The Senate late Sunday approved $2.5 billion for K-12 education funding during the coming budget cycle, which raises average basic per-pupil support to $5,590 in 2014 and $5,676 in 2015.
That moves the education funding measure to the Assembly where on Monday it will, as required in the state Constitution, be the first piece of the budget to receive final approval.
Once K-12 education is funded, lawmakers can approve the other measures that complete the overall $19 billion, two-year state spending plan.
The Appropriations Act spells out spending of $4 billion from the General Fund. The Authorizations Act lays out spending of federal, highway fund, fees and other revenues totaling $12.5 billion.
Together, those measures add up to just about $19 billion.
One piece of the puzzle needed to cover that cost is Senate Bill 475 extending the tax increases approved two years ago that were to sunset July 1. Extending those tax increases makes up $633 million in the budget recommended by the governor and already approved by lawmakers.
They includes the 2.6 percent Local School Support Tax as well as the 1.17 percent Modified Business Tax. Those levies would have dropped back to 2.25 percent and 0.63 percent respectively if allowed to sunset. It also maintains the business license fee at $200 instead of $100. Those numbers increased somewhat over original projections following the May 1 projections by the Economic Forum.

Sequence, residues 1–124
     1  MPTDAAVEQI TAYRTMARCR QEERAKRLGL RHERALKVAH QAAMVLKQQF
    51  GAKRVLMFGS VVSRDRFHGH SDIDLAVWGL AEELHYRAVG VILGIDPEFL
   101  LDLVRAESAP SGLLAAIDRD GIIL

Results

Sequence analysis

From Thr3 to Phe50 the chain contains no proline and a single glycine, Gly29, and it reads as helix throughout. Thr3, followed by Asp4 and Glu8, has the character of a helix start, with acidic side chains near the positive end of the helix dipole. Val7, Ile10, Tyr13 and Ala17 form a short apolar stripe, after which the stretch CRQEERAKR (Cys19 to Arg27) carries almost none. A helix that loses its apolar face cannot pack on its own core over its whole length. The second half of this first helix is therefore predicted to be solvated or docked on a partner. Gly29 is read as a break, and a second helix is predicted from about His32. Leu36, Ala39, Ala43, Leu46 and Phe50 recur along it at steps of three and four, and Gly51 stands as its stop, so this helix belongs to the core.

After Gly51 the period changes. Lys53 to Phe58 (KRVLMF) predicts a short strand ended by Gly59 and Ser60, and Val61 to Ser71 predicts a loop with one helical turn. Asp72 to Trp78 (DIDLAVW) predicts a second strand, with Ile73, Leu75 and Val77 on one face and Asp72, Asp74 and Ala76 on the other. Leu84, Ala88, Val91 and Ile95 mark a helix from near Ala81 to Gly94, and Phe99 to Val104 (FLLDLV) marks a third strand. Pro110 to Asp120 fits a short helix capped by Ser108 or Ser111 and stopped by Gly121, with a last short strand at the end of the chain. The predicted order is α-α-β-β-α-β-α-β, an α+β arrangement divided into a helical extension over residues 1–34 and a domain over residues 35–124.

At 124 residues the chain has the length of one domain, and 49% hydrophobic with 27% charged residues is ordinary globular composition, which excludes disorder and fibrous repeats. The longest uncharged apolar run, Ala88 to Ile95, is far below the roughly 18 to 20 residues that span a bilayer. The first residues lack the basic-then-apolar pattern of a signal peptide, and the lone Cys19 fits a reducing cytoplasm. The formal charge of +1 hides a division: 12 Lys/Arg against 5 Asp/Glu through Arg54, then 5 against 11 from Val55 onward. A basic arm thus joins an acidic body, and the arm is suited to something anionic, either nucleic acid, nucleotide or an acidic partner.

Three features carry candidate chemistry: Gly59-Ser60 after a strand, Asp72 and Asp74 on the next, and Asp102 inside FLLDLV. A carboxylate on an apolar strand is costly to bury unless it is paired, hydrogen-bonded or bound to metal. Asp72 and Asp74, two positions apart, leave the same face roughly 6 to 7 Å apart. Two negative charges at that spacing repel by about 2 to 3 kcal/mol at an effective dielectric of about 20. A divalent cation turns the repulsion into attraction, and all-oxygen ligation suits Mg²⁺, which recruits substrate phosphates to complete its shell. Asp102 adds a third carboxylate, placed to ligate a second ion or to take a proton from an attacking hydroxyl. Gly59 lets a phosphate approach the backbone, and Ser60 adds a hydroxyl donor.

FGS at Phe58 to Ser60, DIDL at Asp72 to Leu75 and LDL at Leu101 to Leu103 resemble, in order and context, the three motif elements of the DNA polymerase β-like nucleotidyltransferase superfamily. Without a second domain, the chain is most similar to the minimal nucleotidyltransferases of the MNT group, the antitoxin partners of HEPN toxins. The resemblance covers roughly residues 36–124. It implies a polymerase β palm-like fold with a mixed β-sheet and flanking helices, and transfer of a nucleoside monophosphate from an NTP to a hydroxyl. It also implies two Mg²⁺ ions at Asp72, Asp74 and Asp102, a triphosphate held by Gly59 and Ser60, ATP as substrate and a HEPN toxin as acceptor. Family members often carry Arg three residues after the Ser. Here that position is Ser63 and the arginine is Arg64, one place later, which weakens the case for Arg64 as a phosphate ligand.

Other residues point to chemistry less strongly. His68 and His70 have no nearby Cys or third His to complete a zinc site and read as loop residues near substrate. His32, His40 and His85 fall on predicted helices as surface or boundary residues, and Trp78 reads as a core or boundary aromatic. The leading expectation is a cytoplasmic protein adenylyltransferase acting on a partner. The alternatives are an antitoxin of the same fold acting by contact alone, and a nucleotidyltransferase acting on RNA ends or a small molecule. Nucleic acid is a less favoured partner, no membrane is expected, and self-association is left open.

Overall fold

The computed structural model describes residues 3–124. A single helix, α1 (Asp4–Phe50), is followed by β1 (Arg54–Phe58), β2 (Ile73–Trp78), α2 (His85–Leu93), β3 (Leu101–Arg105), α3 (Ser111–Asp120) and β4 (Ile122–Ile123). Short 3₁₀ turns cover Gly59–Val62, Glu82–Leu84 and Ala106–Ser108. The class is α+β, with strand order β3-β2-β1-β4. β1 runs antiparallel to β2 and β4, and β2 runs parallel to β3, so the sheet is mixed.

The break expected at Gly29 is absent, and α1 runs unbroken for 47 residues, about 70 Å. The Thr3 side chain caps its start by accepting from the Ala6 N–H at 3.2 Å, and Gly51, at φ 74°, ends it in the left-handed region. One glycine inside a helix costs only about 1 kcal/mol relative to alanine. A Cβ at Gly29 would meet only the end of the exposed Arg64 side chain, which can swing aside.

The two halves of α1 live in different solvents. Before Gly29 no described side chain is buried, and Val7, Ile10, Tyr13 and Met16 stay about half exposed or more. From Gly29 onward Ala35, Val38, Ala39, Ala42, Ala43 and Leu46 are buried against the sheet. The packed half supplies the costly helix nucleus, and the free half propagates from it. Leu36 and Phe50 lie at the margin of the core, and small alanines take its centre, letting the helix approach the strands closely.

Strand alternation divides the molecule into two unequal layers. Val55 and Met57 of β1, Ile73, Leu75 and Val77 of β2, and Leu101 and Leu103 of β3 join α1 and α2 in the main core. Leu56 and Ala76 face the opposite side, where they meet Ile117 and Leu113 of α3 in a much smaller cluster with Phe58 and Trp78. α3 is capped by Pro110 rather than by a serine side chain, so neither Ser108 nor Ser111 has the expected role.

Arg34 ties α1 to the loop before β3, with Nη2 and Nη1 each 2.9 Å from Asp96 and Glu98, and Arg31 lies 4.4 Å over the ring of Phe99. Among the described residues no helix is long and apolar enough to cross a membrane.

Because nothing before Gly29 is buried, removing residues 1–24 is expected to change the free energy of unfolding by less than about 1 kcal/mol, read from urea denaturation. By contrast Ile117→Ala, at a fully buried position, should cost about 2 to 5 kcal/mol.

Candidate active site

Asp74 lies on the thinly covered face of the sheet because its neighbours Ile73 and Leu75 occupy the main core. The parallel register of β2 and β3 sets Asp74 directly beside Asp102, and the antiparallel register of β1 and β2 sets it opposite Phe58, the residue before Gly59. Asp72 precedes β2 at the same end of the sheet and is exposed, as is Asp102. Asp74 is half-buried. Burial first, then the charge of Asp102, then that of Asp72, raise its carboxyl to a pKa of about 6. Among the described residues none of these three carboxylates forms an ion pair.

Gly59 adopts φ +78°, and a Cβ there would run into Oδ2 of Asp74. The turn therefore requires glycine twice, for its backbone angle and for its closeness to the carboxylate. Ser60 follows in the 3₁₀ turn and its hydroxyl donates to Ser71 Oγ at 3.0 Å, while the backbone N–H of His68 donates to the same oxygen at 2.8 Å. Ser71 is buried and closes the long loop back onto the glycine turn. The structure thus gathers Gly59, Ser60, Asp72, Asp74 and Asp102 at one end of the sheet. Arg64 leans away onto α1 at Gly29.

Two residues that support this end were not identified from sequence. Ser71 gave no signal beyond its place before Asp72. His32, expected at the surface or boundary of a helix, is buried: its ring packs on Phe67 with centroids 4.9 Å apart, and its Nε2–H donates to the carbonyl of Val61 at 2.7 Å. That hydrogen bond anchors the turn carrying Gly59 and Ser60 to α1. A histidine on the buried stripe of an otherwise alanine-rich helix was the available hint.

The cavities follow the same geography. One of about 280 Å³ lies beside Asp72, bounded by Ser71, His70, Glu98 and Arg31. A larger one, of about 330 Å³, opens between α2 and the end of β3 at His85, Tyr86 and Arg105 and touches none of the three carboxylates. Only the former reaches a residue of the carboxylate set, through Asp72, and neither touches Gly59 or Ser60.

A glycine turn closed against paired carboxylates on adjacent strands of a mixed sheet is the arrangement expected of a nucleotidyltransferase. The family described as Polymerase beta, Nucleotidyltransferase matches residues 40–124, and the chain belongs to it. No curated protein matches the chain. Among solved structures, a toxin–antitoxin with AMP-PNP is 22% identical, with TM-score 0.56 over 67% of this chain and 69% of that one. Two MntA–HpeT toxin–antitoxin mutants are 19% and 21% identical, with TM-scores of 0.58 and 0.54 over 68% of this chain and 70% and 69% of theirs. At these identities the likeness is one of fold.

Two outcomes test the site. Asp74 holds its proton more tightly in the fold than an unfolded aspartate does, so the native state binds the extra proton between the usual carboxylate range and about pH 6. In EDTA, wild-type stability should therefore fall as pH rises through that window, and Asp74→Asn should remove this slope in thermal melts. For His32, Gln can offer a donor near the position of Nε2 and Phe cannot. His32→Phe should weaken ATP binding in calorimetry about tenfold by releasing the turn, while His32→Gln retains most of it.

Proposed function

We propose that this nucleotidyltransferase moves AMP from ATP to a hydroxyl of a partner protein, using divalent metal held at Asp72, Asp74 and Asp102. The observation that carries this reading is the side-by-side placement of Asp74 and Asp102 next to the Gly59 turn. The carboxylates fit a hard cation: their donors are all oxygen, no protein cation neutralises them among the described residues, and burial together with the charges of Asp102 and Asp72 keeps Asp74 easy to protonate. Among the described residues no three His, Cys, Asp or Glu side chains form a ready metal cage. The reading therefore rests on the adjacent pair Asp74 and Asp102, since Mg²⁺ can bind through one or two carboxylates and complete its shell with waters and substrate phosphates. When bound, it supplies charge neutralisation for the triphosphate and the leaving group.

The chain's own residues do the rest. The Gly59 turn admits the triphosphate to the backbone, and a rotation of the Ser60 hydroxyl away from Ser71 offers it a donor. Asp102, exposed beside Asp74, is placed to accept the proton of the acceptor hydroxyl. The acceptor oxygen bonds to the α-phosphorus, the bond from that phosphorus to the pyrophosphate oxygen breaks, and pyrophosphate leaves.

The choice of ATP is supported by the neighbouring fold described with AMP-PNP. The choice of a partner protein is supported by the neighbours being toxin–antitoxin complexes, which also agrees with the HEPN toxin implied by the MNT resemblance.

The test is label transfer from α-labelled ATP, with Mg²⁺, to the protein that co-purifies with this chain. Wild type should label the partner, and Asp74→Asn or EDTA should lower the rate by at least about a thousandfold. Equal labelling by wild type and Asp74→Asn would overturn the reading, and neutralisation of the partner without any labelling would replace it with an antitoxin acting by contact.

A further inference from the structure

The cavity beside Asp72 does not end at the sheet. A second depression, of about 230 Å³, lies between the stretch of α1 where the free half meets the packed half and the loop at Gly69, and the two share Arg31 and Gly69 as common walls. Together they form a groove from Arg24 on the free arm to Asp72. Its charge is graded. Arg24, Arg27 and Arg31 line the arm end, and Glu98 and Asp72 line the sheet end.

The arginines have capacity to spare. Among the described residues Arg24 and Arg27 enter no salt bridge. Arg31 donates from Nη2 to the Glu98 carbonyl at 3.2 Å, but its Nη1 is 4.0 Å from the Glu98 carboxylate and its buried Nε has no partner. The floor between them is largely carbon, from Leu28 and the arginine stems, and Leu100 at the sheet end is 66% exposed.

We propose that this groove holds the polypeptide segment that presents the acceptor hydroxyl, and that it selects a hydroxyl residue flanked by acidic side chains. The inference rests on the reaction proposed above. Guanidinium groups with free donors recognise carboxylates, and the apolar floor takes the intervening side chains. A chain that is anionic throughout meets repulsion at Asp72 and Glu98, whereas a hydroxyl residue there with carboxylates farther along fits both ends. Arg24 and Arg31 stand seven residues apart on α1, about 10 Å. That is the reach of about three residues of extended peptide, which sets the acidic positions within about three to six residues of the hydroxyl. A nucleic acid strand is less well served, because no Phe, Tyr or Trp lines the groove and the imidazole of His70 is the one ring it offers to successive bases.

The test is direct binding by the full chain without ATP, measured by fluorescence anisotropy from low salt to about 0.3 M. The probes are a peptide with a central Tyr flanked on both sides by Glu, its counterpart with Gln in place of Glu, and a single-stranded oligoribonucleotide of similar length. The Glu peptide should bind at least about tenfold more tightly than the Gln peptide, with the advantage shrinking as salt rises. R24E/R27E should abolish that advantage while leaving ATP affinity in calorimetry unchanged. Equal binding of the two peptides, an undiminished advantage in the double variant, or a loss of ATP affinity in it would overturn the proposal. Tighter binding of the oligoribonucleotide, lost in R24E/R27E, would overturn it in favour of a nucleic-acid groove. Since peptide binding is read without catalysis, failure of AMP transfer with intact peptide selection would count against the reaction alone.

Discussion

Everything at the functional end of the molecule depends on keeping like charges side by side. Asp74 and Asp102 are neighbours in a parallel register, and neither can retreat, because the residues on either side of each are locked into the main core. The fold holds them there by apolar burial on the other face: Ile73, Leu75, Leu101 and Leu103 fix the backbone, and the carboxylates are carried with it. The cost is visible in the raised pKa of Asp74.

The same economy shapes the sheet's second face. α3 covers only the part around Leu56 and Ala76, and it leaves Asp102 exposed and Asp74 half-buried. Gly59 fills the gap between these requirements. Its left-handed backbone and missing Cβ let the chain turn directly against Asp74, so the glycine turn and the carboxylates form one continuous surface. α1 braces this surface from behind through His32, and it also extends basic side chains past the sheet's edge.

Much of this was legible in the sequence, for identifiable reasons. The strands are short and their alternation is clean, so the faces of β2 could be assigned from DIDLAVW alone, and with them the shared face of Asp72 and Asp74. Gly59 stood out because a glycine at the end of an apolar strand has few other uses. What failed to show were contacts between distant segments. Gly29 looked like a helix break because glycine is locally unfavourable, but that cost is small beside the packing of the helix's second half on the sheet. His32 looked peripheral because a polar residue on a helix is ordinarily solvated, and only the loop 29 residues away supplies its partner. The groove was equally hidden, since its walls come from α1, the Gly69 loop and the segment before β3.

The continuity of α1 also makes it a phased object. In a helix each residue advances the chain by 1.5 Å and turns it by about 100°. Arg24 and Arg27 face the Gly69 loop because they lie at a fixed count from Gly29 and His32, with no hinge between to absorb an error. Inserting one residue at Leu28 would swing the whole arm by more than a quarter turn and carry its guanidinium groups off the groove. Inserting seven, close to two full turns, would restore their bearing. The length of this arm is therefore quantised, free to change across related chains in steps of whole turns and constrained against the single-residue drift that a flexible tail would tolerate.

All the major budget bills have now been approved by the first house. They have all also been heard by joint committees of both the Senate and Assembly so approval in the second house is perfunctory.
There are also several smaller one-shot appropriations and policy bills implementing the budget that are finishing their journey through the 2013 Legislature. Among them is SB504 funding the expanded English Language Learner program worked out by both lawmakers and Gov. Brian Sandoval’s office. That program contains a total of $50 million for ELL programs in grades 1-3.
Since the constitution mandates the Legislature finish its business in 120 calendar days, all must be completed by midnight Monday.
That effort, however, is complicated by the fact leadership has scheduled both a Legislative Commission and an Interim Finance Committee meeting today.